The most recent one I’ve been interested in is Materia by the metaverse avatar artist LaTurbo Avedon. They’ve been engaged with cryptocurrency longer than I have, and their current project is just such a lovely long term engagement with the possibilities of the technology. It’s very much about the aesthetics of the space and of what you can do in virtual reality and on on-chain metaverses.

An image from LaTurba Avedon's NFT art collection "Materia."LaTurbo Avedon

Most important technological development

It continues to be proof-of-stake, in terms of answering all of the moral panic about energy usage. Bitcoin and currently Ethereum use a system called proof-of-work, which was originally a scheme in which you run a complicated sum to prove that you’re not a spammer. Proof-of-work is deliberately inefficient: It’s designed to slow down attackers beyond the point where they can actually perform an attack.

Proof-of-stake says, rather than doing complicated puzzles using increasingly powerful hardware, let’s use the underlying technology of the blockchain, which is cryptographic signatures and the tokens that run the network. If you put some coins into a pool, you can be the person who approves blocks. And if you’re naughty, you lose your coins. So it goes from a sort-of worker elf system using lots and lots of work to a central naughty-and-nice list for producing blocks—to make it a horrible seasonal metaphor.

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Favorite DAO

Friends With Benefits, a culture/collecting DAO. The sort-of ‘secret sauce’ to every successful project is its culture. And Friends with Benefits it’s just got a really good framing of, “Get involved, be excellent, shape the way things go.” It’s also finely tuned in the way they’ve used the staking and decision-making mechanisms.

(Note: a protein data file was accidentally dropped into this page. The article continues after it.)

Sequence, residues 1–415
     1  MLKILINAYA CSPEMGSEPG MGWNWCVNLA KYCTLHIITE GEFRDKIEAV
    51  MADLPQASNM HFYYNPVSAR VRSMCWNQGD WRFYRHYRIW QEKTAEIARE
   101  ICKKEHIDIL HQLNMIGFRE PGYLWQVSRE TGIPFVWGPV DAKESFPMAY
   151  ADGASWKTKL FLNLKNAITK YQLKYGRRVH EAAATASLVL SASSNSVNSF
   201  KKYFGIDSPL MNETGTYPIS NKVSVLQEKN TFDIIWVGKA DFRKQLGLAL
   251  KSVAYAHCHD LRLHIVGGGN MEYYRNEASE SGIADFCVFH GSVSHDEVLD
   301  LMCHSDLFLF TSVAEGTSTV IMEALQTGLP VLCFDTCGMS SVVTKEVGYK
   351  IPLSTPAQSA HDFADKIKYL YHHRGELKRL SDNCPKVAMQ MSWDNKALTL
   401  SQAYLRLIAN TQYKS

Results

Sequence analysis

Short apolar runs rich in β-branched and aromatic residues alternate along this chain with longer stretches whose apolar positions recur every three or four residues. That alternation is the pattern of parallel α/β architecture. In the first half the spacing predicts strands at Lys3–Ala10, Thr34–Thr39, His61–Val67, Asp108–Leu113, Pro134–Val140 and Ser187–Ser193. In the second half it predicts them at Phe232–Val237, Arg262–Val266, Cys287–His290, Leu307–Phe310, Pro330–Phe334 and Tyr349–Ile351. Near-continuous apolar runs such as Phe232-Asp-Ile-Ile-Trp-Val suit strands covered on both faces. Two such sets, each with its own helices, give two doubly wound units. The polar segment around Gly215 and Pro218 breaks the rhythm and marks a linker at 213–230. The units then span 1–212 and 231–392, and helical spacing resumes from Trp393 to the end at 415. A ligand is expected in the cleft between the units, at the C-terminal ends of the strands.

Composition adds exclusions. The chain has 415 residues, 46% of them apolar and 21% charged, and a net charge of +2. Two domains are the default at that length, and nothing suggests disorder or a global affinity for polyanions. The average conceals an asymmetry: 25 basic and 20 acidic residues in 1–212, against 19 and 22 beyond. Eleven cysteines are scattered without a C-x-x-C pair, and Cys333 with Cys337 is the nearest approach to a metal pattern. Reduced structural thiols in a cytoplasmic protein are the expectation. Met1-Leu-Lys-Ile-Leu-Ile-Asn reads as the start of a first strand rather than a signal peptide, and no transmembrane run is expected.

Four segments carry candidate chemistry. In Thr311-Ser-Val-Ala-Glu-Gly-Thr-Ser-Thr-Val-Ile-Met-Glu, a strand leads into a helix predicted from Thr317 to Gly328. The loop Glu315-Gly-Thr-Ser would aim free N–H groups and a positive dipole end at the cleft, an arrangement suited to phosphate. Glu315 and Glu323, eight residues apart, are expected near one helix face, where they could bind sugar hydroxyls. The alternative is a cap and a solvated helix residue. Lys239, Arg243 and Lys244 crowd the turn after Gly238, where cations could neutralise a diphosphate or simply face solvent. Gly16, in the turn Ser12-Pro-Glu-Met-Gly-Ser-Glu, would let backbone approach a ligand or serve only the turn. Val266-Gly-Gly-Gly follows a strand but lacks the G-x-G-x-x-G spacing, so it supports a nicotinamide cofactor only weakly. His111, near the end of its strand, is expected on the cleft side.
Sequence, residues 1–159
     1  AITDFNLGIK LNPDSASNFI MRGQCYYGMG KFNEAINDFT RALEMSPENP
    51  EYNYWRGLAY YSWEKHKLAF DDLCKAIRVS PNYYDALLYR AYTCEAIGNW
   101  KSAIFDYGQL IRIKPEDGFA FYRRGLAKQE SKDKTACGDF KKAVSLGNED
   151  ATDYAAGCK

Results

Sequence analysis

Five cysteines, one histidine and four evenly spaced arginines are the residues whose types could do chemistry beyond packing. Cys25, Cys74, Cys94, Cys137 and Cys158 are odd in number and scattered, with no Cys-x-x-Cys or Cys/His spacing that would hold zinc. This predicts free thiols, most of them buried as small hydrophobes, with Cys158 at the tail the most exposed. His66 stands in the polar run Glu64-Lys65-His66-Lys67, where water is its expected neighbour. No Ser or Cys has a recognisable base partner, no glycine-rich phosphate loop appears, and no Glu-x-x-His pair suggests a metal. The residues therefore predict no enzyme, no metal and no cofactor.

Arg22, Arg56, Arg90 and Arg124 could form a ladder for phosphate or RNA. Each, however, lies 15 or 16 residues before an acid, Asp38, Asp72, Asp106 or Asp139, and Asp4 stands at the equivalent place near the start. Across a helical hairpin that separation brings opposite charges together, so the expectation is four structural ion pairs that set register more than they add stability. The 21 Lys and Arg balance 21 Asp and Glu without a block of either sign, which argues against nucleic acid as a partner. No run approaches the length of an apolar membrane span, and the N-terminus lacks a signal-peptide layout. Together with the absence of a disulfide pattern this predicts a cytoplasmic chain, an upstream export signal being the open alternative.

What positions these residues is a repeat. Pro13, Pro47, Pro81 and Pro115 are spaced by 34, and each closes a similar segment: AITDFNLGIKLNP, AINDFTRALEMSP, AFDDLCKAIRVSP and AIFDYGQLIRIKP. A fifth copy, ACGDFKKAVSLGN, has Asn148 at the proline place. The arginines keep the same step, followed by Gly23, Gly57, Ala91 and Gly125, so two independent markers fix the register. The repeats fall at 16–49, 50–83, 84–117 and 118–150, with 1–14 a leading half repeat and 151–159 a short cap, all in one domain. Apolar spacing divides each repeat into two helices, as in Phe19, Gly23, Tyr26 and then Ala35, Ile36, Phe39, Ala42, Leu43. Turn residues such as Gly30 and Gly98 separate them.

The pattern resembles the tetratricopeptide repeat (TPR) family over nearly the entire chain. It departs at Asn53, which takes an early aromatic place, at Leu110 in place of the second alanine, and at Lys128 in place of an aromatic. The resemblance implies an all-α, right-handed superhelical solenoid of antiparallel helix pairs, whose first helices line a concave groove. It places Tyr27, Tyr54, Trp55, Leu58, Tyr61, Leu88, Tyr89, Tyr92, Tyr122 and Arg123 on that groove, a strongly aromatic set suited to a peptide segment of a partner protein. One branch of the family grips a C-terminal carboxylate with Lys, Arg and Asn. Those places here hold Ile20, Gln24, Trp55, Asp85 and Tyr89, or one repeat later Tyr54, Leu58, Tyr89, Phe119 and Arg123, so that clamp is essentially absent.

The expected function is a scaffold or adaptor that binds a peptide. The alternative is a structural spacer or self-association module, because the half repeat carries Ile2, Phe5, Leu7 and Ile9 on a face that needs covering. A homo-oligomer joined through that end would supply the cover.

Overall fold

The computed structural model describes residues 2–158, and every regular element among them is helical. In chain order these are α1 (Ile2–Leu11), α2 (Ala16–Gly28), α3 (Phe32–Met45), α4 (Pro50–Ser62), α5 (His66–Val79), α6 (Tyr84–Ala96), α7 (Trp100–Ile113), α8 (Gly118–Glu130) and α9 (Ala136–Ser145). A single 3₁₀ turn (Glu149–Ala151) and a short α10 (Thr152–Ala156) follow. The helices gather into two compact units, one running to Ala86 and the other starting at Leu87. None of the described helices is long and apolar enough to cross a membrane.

Most worrisome trend

The moral panic directed at artists merely for using NFTs. There’s an emergent trend on social media of people feeling perfectly relaxed in saying, “Let’s bully NFT artists.” It’s based on outdated and poorly calculated information about chains other than the ones that artists are moving to.The focus should be on artists being leaders in the move to proof-of-stake, which has a minuscule fraction of the energy usage of proof-of-work, as well as better governance.

Favorite Web 3 thinker on social media

@Artnome, otherwise known as Jason Bailey. He’s got a background in art analytics and data. It’s really interesting to see someone who is used to viewing art as hard numbers come into a space like crypto, which started out as hard numbers, but people are trying to turn into something more touchy-feely and creative. I feel that’s a good perspective to have.

Biggest takeaway from the year

The creativity in the space is astonishing, and not just the artistic creativity but the people working on systems. Every complaint I’ve ever seen about the blockchain space either has an already-implemented, fine-tuned answer on a modern blockchain, or has several open source projects or start-ups working on something to make people’s lives easier.

At the start of the year, I was quite down about artistic engagement with and use of the space. And everything just blew up a couple weeks later. It’s been so invigorating. And it’s the same with the technology: seeing proof-of-stake systems become self-governing, seeing zero-knowledge proof schemes being used in games. [Researchers hope that “zero-knowledge proofs” will be the key to creating secure online identification.] I’m hoping that paradoxically, we can get both better identity systems to help artists establish that they are who they say they are; and better secret communication systems so that if you can establish who you say you are, you don’t have to establish it to anyone you don’t want to.

As with everything, it always starts with games. This is why games and art are so useful: they’re low stakes ways of experimenting with new tech. And this year, the creativity on every level is the highest I’ve ever seen.